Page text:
Given your being biracial, was this an especially emotionally demanding role?
Well, it’s an emotional story and I try to put myself into whatever character I play. Obviously, this film is about race and identity, and I am biracial every day. Yes, . . . it was fun to explore those themes, especially the identity theme which is very contemporary. And yeah, it was an emotional experience, because it’s essentially an emotional journey that Dido goes on, from her moments of self-harming, despair and frustration. And that starting point really gave us somewhere to go in terms of her becoming comfortable in her own skin and developing the confidence to stand up for herself. So, yes, it was a very, very emotional experience. But that’s what I respond to in any role, the human condition and the human connection.
Did you feel any pressure to do justice to Belle?
Absolutely! Because I had never played a real person before and since this was an incredibly refreshing tale to me. Even though there wasn’t much evidence about Dido, factually, I felt this was a terrific opportunity to shed light on a period of history that has somewhat been overlooked and certainly has never been seen from this perspective before. A woman of color… in the lead… of a period drama… And she’s not a slave… she’s not being brutalized… She’s being brought up as an heiress in a genteel society, at least one that’s seemingly genteel on the surface. To me, that that was just such an inspiring new perspective. And because it was based on historical fact, I did feel a responsibility to make Dido as much of a living, breathing human being as possible, first and foremost.
Do you see “Belle” as part of an emerging trend of historical films revisiting the transatlantic slave trade from a fresh perspective?
I hope so. I think that what makes “Belle” unique and different from recent films about the slave experience in the United States is that this one is about the British perspective. And not just the British perspective, but also a female perspective. I think there are so many more stories to be told surrounding this period of history and the legacy of the slave trade. It feels wonderful to be a part of a canon of films exploring this issue. I only hope that it opens the doorway for more stories to be told like this, so that we can celebrate our heritage and history.
Do you recall your initial reaction years ago when you first saw the postcard of the painting which inspired the script?
Yes! When I saw the postcard, I was intrigued by Dido, because she had such a light in her eyes, and such a mischievous, almost vivacious gaze. My reaction was, “Wow! This girl really looks like she’s got a personality,” unlike other persons of color in period portraits who were usually depicted in those days as an ornament or to signify the status of their white counterpart. They’d be positioned almost like a pet in the painting. By contrast, Dido seemed to have so much life about her. That was what attracted me to her as a person to play. But it was only after shooting the film that myself and Sarah Gadon, who plays [Dido’s cousin] Elizabeth [the other subject of the portrait] got to see the real painting in the flesh which was a magical experience after having spent all that time staring at the postcard and inhabiting the character. So, to see the actual painting was very special.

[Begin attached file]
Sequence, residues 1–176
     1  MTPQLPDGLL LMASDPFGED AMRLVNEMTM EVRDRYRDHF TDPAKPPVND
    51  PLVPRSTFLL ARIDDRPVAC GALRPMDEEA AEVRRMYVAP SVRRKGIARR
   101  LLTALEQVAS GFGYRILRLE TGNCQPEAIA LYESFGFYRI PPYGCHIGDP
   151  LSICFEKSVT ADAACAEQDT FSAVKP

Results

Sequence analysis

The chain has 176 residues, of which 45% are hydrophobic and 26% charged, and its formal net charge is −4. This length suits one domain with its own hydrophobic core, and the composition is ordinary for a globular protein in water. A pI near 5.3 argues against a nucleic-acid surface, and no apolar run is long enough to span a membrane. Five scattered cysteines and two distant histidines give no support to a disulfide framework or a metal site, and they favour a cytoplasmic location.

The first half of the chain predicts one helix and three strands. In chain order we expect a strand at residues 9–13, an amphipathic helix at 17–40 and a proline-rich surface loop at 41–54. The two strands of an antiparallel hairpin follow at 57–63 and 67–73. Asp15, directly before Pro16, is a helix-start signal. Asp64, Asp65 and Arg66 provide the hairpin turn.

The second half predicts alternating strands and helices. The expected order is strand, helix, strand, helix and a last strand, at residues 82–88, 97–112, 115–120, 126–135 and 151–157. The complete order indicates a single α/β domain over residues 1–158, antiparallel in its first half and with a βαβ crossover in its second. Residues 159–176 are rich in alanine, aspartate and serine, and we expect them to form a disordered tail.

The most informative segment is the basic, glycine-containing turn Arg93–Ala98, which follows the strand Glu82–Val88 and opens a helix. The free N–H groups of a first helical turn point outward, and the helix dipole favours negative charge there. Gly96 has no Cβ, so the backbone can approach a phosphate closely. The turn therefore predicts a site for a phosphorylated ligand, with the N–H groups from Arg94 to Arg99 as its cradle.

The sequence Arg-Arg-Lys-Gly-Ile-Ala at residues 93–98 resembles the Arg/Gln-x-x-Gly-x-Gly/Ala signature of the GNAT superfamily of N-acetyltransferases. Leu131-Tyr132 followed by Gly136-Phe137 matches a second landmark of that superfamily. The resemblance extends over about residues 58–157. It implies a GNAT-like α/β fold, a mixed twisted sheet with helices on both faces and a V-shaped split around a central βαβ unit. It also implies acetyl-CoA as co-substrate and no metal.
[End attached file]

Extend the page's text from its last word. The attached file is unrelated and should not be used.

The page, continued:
How do you define yourself as a performer, given that you’ve done stage, TV, film, and even radio?
Well, I try not to limit myself. The actors that inspire me are the comedians and the people able to shape-shift into different roles and into different media. That ensures your longevity as an artist and prevents you from getting bored with yourself and, hopefully, prevents people from getting bored with you. So, for me, it’s about variety and working with inspiring, creative people. I try not to define myself. Other people are going to do that for you anyway. I like being free to take on any project that inspires me and to trust that the work will speak for itself.
Have you ever worked with a female director before Amma Asante?
Amma Asante is a unique person in several regards, independent of being male or female. I think I might have worked with a couple of female directors in television, but never before with one on film. Amma is incredibly talented, incredibly articulate, and had such a crystal clear vision from the outset of this world we were creating. She was very inspiring! She has a lot of heart, and was very detailed in her directions and notes. I loved working with her and, being a woman, she obviously put a lot of herself into this interpretation. And “Belle” not only had a female director, but a female scriptwriter and even a female composer. I believe having a female point-of-view was wonderful for such a female-centric story being told in a voice that hadn’t been heard before. So, I am hopeful that this will open the door for more female-driven films.
What kind of direction did Amma Asante give you about Dido Belle’s relationship with Lady Elizabeth Murray?
This is something that Amma was very passionate about. Even though they were only cousins biologically, they were nevertheless very much a sisterhood. I know that Amma herself has a sister she’s very close to, and the intensity of sisterhood was something she very much wanted to explore in the film, not only because the starting point was the painting where they are depicted in such an intimate way with a feeling of affection, but also because of a desire to create a Jane Austen “Sense and Sensibility” dynamic in exploring the depth of that bond. Consider the scene where they have a fierce argument and are saying the most horrible things to each other. I think you can only really explore in that fashion with intimate family. So, yes, Amma was constantly nurturing us to create a sisterhood bond, and Sarah Gadon is such a fun and lovely actress to work with that it was pretty easy to achieve. And we’re the best of friends now.